A ban on future nonprofit board service is one of the more significant remedies available for a state charity official to address breaches of fiduciary duty owed to a nonprofit corporation.

The most recent application of this remedy occurred in connection with a settlement between a state Attorney General and the former senior executive of a charity formed to provide free legal services to low income residents of the state. The Attorney General had claimed that the former executive had diverted, over a period of time, substantial sums to other charities he controlled. The Attorney General alleged that the transfers were made to enhance his reputation in the community and as a benefactor of charitable organizations.

The settlement provides for the former executive to reimburse the legal aid charity a certain dollar amount. In addition, the former executive admits to numerous breaches of fiduciary duty. Perhaps most significantly, the settlement also bans the former executive from serving as an officer or director of not-for-profit organizations operating in the state for a period of five years.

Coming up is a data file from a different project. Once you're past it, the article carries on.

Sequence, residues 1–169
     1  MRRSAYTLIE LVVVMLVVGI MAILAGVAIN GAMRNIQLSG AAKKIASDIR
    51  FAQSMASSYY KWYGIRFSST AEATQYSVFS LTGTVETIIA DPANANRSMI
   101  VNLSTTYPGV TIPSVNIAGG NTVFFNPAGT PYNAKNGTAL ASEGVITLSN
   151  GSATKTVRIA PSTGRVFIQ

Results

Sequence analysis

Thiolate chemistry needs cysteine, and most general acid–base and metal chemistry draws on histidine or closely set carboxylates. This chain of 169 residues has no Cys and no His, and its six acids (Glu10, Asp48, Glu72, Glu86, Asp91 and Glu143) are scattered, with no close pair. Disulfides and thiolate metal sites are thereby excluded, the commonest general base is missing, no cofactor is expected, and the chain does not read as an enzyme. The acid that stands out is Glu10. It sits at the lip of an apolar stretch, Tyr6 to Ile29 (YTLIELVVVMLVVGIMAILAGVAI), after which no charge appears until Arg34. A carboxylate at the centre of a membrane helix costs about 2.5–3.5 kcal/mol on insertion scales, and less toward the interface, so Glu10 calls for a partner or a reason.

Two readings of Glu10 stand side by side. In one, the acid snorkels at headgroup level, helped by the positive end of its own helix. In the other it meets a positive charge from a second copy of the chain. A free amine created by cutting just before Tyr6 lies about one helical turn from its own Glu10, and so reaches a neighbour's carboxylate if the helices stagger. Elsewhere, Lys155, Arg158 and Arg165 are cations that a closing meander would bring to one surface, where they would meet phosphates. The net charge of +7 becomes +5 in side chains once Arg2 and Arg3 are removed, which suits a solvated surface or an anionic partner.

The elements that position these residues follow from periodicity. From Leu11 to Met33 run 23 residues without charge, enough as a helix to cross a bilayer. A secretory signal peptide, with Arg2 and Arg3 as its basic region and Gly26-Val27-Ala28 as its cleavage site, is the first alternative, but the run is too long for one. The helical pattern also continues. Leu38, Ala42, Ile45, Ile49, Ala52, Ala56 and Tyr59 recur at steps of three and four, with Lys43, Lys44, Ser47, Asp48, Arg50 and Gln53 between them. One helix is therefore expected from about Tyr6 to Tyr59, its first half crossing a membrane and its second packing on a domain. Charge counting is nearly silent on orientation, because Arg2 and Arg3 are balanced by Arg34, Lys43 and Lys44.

The threat of reputational damage is increasingly being recognized by charity regulators as a major incentive for the proper exercise of fiduciary responsibilities. The concept of a “future board service ban” is thus an appropriate option to be applied in settlement of state investigations of alleged breach of fiduciary duty, both on its own and together with financial settlements. Whether the ban is permanent of only for a period of years depends upon the circumstances.